On February 26, 1991, Domenech filed a written complaint with the OEEO, claiming that she had been discriminated against on the basis of her sex by the issuance of the CD against her. Def. Ex. 2. Domenech alleged in her complaint that Giamonte, the Commanding Officer of the precinct, had issued CDs to her and three other women in the precinct, while he had not issued CDs to any men. The OEEO officer investigated the Precinct's discipline log and found no evidence of disparate treatment of women officers. The officer concluded that there was no merit to Domenech's complaint. Def. Ex. 3.

 Domenech claims that after filing her OEEO complaint, she was approached by Peters during an off-duty party. He told her that he really "liked her" and that she would never have to work on "foot post" if she left her husband. Domenech says that Peters apologized to her for his comments soon thereafter. Pl. Dep. at 83-85. She did not report this incident to any of the other defendants in this action. On August 25, 1991, Domenech received another CD for reporting late for duty; this CD was issued by Peters.

 Schroeder began working with Domenech's squad in September 1991. Two weeks later, Domenech took a sick leave from duty, resuming work on January 1, 1992. Despite only working with her for two weeks, Schroeder subsequently gave Domenech a poor performance evaluation. Schroeder informed her that he had based his evaluation on what other "bosses," including Peters, had told him about Domenech. Amended Complaint at 7. In April 1992, Domenech was assigned to drive Sergeant Anthony Miranda (not a party to this action); at that time, Schroeder remarked to Sergeant Miranda that he should "watch" Domenech because she had made OEEO complaints. Id. at 8.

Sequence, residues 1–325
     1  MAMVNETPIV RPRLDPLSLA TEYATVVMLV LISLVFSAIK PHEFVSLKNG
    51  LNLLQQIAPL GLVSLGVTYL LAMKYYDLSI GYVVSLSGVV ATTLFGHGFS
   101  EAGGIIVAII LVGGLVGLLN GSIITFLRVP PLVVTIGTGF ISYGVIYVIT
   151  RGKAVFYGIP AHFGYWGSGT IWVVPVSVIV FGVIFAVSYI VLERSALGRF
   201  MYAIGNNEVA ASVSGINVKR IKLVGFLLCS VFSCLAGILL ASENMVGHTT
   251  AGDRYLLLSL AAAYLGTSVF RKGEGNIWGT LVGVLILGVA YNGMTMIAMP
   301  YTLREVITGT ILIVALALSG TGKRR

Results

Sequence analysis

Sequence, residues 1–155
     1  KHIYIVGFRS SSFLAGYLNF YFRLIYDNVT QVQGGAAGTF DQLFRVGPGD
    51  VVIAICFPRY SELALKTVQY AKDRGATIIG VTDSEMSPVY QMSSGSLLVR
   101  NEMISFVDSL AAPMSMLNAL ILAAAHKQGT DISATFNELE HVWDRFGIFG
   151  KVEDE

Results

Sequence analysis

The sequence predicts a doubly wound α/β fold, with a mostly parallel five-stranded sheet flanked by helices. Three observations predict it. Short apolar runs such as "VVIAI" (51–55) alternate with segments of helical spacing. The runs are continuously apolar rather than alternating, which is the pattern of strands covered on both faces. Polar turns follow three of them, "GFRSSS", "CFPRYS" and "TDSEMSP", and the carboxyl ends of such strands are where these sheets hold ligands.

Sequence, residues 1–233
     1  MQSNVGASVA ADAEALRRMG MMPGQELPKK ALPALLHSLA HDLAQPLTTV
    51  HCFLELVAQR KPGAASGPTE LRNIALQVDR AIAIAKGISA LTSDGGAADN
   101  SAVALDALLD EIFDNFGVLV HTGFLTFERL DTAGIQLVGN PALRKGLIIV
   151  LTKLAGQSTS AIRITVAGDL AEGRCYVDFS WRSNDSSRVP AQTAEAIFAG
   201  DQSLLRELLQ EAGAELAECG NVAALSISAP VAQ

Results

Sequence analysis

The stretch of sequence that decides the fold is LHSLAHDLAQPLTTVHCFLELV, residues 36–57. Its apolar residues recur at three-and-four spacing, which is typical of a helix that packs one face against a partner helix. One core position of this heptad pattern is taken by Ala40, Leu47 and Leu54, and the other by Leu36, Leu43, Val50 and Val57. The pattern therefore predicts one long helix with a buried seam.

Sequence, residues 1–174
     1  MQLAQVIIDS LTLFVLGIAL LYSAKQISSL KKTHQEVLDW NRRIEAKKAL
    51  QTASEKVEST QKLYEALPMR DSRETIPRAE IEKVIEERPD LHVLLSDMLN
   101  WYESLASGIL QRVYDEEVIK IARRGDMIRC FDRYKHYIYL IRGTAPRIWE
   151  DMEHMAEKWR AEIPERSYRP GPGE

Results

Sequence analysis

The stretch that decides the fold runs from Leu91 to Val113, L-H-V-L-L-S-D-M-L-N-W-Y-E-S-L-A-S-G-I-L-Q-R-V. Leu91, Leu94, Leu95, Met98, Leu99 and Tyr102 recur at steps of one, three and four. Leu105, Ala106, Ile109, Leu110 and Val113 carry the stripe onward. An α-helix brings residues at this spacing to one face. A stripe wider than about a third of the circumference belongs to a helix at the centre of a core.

Domenech further complains that Moschella once stated to her, "You women are always in station houses--you fucking women," and that in December 1992, fellow police officers told her that if she ever called in as an "officer in trouble," nobody would respond. At about this time, Domenech approached Sanderson for advice about how to respond to these allegedly retaliatory actions; Sanderson merely advised her to "take the sergeant's test." Id. at 8-9.

 After filing her original complaint on June 30, 1993, Domenech was subjected to allegedly retaliatory actions by the defendants, including the following: (1) while she was medically unable to work in August and September 1993, the NYPD refused to provide her with a department car to go to NYPD Health Services; (2) on August 5, 1993, she was served with disciplinary charges stemming from misconduct alleged to have occurred in December 1992, and for having an unauthorized beeper in June 1993; (3) defendants purposefully interfered with Domenech's child care schedule by requiring her to work afternoons and evenings at a location further from her home, and assigning her degrading and menial tasks. Id. at 21. However, when Domenech complained that she was being retaliated against for bringing this suit, defendants reassigned her to hours consistent with her child care obligations. Id.


 Although Domenech attempts to state three causes of action in her amended complaint, they are reducible to a discriminatory retaliation claim under the First Amendment and Section 1983. To the extent that she alleges violations of her right to equal protection, these alleged violations were merely the events underlying her complaint of retaliatory actions. Both her memorandum of law and the statements of her counsel at oral argument make clear that Domenech is not, for the purposes of this lawsuit, bringing an equal protection claim based on sexual harassment or disparate treatment. See Pl's Memorandum of Law at 22.

 I. The Precinct Defendants